The death penalty is a good thing at times it gets closure to the victim's families who've suffered a loss while Justice is being served. The United States isn't the only place that that still has the death penalty for certain crimes, other nations do as well. It's very beneficial when it comes to contributing to our issue of overpopulation in the prisons. If there's a lot of overpopulation it can be very difficult when prisoner's get loose to keep them in control as well as the costs of keeping them locked up presents an issue when coming out of tax. The death penalty becomes a tool of fighting with violence against murders who've not yet committed the crime, due to the fear of death or getting caught. So, in turn, the death penalty is helpful in saving lives. Even when there is an act of
While there are far more subjects to discuss regarding to this issue, I feel it necessary to state that I believe the death penalty should exist in a perfect society. I believe that certain crimes and certain situations warrant the punishment of death. However, the our society is not perfect. The justice system has failed to fairly use this punishment in far too many instances, and concludes that they cannot justly wield this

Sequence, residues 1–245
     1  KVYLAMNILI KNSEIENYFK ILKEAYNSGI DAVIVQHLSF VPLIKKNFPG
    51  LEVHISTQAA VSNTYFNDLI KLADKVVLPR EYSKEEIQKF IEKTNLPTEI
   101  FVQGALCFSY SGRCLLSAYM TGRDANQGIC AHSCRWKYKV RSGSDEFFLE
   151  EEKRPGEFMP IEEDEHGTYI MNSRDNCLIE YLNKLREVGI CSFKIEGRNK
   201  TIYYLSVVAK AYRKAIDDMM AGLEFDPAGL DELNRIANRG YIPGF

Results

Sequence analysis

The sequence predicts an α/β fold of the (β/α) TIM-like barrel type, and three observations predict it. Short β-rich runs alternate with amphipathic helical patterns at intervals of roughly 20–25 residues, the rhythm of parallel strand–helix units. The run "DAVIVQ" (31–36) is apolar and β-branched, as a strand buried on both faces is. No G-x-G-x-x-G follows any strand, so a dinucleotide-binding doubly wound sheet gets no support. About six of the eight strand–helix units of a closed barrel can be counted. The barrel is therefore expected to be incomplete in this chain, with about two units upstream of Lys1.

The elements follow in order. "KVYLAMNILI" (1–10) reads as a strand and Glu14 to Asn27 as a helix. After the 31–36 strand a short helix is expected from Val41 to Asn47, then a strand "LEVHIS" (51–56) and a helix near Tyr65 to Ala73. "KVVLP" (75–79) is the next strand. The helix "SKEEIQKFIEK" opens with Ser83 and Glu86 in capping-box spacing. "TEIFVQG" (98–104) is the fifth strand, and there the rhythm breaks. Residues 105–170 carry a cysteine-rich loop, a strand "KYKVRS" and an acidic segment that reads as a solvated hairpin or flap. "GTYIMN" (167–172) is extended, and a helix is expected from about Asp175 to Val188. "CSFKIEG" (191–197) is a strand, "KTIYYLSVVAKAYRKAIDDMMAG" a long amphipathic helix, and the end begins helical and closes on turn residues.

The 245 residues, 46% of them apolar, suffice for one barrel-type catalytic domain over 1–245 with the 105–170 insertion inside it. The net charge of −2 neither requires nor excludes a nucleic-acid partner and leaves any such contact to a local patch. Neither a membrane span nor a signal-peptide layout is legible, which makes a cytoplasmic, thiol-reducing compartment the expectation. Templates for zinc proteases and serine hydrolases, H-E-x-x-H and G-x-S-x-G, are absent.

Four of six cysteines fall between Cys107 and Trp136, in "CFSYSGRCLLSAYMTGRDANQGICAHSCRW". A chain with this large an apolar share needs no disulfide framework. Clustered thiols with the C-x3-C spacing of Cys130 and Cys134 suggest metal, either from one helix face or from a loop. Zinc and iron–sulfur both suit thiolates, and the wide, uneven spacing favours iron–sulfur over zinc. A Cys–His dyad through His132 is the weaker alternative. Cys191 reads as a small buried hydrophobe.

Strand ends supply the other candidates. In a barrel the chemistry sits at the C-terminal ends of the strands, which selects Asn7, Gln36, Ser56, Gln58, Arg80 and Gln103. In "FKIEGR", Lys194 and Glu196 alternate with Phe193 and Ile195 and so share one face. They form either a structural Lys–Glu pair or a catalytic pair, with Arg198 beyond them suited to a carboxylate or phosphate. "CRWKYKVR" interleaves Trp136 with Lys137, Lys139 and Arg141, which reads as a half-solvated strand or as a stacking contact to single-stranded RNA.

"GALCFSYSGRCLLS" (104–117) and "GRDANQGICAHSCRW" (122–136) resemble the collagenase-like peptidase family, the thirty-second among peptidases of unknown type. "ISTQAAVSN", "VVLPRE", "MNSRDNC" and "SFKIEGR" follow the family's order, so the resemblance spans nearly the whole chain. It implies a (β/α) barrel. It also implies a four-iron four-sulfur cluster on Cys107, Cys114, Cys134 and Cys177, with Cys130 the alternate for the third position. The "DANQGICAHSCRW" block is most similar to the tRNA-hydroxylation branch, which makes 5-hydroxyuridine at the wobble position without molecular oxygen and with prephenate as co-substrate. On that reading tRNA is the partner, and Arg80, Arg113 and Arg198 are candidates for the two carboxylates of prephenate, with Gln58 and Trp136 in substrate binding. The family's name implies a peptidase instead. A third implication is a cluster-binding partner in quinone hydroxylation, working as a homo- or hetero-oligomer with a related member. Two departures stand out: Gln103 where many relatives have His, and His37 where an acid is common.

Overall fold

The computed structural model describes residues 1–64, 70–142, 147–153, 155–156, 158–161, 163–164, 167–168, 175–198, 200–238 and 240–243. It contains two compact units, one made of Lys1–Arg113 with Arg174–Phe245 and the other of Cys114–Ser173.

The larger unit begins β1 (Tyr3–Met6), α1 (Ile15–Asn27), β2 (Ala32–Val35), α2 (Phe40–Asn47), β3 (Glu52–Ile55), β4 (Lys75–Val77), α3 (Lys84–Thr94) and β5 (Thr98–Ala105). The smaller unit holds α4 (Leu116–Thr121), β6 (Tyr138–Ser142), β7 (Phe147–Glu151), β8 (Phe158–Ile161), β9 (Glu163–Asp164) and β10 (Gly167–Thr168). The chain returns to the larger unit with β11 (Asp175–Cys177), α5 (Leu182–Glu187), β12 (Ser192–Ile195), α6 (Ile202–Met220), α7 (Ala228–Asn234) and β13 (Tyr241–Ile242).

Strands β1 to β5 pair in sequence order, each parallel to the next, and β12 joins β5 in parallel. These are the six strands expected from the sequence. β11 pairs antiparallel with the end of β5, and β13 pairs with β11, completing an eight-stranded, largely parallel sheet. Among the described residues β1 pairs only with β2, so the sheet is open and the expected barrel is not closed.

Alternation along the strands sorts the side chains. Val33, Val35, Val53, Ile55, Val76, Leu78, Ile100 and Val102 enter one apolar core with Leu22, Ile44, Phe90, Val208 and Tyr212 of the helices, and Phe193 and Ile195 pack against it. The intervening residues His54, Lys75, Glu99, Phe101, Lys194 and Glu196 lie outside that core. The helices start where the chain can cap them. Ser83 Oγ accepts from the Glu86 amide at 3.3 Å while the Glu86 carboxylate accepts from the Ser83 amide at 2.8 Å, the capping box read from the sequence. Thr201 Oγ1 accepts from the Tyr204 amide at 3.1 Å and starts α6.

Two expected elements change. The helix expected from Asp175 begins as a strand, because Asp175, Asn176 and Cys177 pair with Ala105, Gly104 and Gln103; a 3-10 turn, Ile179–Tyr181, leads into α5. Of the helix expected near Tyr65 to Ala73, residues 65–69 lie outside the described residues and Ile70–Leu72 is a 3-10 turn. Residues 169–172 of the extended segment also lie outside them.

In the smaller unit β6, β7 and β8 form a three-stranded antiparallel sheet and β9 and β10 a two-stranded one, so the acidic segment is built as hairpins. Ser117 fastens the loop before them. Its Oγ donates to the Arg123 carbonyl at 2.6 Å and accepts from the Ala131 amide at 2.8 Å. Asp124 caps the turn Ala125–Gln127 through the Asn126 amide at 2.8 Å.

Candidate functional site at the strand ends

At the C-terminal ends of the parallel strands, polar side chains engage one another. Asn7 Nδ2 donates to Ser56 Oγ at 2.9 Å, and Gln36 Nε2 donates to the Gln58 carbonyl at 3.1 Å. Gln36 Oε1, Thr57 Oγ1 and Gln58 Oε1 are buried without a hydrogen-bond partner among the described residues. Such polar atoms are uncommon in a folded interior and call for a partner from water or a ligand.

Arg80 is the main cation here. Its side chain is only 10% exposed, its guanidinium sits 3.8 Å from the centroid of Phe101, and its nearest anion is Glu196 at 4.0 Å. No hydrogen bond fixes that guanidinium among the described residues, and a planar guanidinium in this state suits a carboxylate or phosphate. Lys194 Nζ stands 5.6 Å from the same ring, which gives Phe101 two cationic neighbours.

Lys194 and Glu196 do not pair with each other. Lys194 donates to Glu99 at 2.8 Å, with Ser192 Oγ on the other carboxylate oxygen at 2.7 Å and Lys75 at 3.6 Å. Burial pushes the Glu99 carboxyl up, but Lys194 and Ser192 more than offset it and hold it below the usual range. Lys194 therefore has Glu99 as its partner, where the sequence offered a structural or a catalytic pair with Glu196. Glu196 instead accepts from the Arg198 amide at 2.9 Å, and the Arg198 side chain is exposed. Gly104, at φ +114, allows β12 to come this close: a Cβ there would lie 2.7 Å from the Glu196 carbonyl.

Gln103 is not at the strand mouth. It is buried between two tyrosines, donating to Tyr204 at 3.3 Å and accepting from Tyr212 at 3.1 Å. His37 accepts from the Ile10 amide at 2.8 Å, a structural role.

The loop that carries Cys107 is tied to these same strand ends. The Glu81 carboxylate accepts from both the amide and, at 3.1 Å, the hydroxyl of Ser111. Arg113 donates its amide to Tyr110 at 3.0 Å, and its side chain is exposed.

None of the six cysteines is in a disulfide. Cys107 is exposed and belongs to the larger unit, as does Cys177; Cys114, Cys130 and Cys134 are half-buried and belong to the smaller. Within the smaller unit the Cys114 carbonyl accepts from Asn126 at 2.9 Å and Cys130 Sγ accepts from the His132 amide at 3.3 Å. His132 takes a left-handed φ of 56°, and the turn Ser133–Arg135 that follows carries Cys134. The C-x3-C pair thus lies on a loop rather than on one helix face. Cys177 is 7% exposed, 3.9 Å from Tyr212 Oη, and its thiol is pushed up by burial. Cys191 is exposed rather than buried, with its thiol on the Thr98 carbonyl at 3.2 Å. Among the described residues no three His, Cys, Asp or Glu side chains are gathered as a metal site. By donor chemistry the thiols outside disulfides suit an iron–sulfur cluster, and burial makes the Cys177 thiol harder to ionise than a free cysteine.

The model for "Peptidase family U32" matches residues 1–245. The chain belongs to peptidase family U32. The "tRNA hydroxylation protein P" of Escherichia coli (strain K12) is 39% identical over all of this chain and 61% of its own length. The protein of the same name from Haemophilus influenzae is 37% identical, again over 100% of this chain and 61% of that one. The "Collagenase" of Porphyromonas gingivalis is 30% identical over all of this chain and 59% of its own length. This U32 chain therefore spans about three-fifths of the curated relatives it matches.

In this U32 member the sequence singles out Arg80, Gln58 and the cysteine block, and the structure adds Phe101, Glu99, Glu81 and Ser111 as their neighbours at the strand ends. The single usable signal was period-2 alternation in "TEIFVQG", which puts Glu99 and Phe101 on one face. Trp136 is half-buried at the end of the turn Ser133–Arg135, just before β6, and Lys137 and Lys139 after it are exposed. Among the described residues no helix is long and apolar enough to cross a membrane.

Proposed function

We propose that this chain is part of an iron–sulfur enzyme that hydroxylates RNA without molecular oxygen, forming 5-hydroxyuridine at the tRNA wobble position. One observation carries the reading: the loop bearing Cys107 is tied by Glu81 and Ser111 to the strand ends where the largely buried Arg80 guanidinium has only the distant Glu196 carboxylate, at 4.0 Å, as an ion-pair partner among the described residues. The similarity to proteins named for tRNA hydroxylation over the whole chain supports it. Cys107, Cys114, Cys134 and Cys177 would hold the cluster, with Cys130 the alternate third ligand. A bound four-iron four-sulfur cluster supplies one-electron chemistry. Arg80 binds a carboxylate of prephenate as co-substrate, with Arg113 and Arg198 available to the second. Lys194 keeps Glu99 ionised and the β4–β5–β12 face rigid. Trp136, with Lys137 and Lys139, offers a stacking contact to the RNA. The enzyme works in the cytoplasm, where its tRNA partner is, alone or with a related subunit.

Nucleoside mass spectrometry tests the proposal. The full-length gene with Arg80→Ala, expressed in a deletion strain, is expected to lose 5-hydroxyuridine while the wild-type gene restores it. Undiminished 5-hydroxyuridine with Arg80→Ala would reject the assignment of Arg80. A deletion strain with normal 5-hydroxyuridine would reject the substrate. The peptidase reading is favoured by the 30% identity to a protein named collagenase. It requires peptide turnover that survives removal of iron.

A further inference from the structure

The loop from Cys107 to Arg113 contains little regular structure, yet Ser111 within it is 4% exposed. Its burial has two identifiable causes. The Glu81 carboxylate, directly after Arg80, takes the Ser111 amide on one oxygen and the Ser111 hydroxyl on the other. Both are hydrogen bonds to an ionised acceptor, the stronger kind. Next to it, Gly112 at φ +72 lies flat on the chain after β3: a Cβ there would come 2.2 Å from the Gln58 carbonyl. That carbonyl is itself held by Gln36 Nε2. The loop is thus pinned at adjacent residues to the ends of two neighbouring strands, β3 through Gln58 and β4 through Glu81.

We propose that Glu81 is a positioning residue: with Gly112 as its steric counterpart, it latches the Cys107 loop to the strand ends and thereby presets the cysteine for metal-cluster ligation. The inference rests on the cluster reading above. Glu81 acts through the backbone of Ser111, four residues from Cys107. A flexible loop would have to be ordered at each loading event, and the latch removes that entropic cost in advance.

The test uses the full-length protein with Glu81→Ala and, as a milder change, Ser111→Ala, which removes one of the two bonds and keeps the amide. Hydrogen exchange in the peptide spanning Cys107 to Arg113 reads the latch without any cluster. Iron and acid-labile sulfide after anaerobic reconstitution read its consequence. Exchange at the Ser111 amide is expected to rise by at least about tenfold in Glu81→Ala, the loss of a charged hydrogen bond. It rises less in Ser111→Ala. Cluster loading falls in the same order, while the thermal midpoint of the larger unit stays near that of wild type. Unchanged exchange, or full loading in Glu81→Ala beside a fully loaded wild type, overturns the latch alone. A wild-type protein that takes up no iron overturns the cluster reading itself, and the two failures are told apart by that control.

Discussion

Eliot Spitzer once said, “Our criminal justice system is fallible. We know it, even though we don't like to admit it. It is fallible despite the best efforts of most within it to do justice. And this fallibility is, at the end of the day, the most compelling, persuasive, and winning argument against a death penalty.” Many people in America are in favor of capital punishment because some crimes violate the moral codes of our society. Thus, they harken back to the Code of Hammurabi with the belief of “an eye for an eye”. In this case, they believe that when a person commits a terrible crime that person automatically gives up their right to live and should be put to death. Despite the majority of people believing this others are opposed to the